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5 Steps to Inbound Marketing: Step 3 - Distribute the Content

By ClientsFirst September 30, 2014 Content Content marketing Inbound marketing Marketing Growth marketing

In this series, we’ll take you through step-by-step exactly how we work with clients to build their valuable online presence; from the small things you need to do before you get started, to using your content to generate interest and enquiries. Our 5 Steps to Inbound Marketing are all you need to get started on the road to revolutionising how you market your firm. Not read Step 1 or Step 2? Head there first for the groundwork needed before this step.

What to do with all this content?

Now that you’ve created a wide variety of content, you need to do everything you can to make sure that it appears in front of the highest number of people possible.

There are several ways to make this happen but remember that the best thing you can do to help this process is actually completed in step 2. By creating great content, you’ve already done a good portion of your distribution work. People are always looking for and are always willing to share great content, so aim high and watch your audience pick up your content and run with it. Sometimes though, you’ll need to give them a kick-start, which is where your distribution efforts come in.

Distribution is not spam

Before you start, it’s important to remember that ‘distribution’ is not the same as ‘spam’, so forget tactics like bulk Twitter mentions and direct messages before you start. Email marketing is fine but the more targeted the database, the better. If you send content that won’t be interesting to people, you shouldn’t be surprised when they opt out of your communications.

When you think about distribution, think about where your market is and how you can get in front of them. Sometimes those two things don’t quite marry up the way you expect them to. Take the Betfair Poker Twitter account as a prime example. Betfair spotted that their ideal audience - people who don’t play poker but who might want to - was on Twitter but to get in front of them they needed to talk about something other than poker. So the account didn’t and still doesn’t to this day and it managed to amass a large following. That’s distribution genius: find your market, then do whatever you need to in order to get your brand and your content in front of them and not have them consider your message as spam.

Finally on this point: don’t be afraid to abandon a piece of content if you are finding it hard to distribute. No content creator in the world has a 100% success record and sometimes you just have to accept that it didn’t hit home and move on to the next option down the line.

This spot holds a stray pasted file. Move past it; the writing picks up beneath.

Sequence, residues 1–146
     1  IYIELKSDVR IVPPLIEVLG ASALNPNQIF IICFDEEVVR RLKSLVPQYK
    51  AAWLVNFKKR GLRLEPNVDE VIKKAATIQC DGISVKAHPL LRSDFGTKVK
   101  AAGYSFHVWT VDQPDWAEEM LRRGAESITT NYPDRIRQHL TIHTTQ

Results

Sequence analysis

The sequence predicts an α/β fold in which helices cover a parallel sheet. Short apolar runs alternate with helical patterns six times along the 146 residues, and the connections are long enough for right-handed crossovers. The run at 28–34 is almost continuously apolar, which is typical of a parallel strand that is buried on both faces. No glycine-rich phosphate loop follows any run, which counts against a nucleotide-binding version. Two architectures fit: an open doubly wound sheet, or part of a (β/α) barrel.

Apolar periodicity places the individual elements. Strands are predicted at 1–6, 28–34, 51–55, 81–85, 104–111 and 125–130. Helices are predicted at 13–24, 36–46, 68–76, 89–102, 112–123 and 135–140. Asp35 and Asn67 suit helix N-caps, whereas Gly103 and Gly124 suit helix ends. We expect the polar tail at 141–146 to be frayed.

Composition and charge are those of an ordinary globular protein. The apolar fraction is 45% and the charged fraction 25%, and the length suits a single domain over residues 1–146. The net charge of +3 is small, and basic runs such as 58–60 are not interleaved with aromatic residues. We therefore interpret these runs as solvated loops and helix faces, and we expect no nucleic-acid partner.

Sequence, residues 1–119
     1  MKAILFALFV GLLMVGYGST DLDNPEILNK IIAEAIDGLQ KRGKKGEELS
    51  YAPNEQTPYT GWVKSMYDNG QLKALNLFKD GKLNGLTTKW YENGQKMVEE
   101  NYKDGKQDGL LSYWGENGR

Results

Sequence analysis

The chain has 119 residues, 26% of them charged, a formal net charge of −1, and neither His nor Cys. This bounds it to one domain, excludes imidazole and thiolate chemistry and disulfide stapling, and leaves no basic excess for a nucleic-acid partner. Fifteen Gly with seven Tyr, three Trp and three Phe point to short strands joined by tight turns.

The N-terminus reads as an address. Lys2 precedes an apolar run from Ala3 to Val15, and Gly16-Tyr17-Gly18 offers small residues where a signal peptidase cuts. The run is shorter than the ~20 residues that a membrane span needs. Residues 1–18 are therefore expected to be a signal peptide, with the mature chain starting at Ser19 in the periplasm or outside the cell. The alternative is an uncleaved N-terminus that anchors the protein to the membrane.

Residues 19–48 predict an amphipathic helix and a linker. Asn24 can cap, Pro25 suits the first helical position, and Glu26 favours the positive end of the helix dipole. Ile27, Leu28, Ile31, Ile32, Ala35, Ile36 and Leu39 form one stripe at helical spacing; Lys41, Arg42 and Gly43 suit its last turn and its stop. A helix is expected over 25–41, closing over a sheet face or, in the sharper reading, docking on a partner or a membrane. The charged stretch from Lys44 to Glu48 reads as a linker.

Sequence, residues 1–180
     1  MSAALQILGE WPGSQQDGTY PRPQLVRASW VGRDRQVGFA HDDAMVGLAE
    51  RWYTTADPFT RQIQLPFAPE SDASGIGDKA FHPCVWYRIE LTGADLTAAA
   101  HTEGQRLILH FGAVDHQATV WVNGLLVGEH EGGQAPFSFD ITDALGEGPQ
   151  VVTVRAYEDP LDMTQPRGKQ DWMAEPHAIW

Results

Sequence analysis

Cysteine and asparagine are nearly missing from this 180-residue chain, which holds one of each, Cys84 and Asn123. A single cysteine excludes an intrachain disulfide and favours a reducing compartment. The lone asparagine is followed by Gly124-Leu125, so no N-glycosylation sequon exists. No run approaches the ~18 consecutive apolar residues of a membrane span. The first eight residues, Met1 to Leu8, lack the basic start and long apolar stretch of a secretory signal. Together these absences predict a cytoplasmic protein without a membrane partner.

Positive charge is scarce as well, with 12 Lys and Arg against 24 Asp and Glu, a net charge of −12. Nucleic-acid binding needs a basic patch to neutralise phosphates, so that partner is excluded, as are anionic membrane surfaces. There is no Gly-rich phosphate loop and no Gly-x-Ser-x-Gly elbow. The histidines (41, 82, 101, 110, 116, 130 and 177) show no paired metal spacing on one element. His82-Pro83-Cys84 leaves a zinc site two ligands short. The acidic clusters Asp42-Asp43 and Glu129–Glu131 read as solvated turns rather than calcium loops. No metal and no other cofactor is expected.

Find partners

One the best things you can do for your content is to find partners who are willing to help you to distribute it. It could be a partner business who are willing to include articles by you in their newsletter, or a design-focused site that really likes the visuals you create and so tweets links to them. Consider suppliers too: after all, their business relies on yours, so it can be relatively easy to ask them for help with a very small marketing push.

Regular partners who like your content will be happy to distribute over and over again so it’s worth putting the time in to develop these relationships. As a start, consider approaching bloggers who write about your industry or even the industry press. Sometimes it can be difficult to get that sort of publication on board but even they won’t be able to resist truly original content!

Content can help content

Don’t forget that one piece of content can help to distribute another. If you’ve produced a white paper based on data you gained from an original survey, then why not do an infographic picking out some of the key figures you uncovered? Or a YouTube video where you explain some of the findings to your audience in more detail?

Cross-promoting content in this way is a great method of pushing people towards the really valuable content - in the above example, the white paper - by using some of the other channels you set up in step 1 in different ways.

Distribution shouldn’t always be free

It’s nice to get your message in front of people for free or little cost, but bear in mind that paid channels can make your content go further and reach audiences it wouldn’t normally.

Consider Google Ads or social PPC, for example. Yes, most search traffic (around 70%), goes through Google’s organic search results but by not engaging with PPC, that’s a whole 30% of audience you’re missing out on. Wouldn’t it be great to get your content in front of all of those people? Social is similar. Even if your LinkedIn page has 1,000 followers, a relatively small spend (sometimes as little as £8-£30 a day) can put your page in front of 1,000 people who don’t follow your page. Again: why not have both!

This is the stage where KPIs start to become important

Once you get into this stage you will soon start to find that there are more options for distribution than you know what to do with. How do you prioritise? How do you work out when to post your content in one place and when to post it in another? We’ll talk about this more in Steps 4 and 5 but be prepared at this stage to figure out which metrics matter to you and then to go out and measure them. Another key point here is to then act on them: it’s amazing how many marketing campaigns continue, even when those running them are receiving figures detailing their poor performance.

New isn’t always best… but it can be

Finally, although you’ll need time for all of this distribution, a good marketeer always has one eye on the horizon. For those who joined Twitter when it first launched, the value perhaps wasn’t all that obvious, but how valuable do you think their highly-personalised and well-established accounts are now?!




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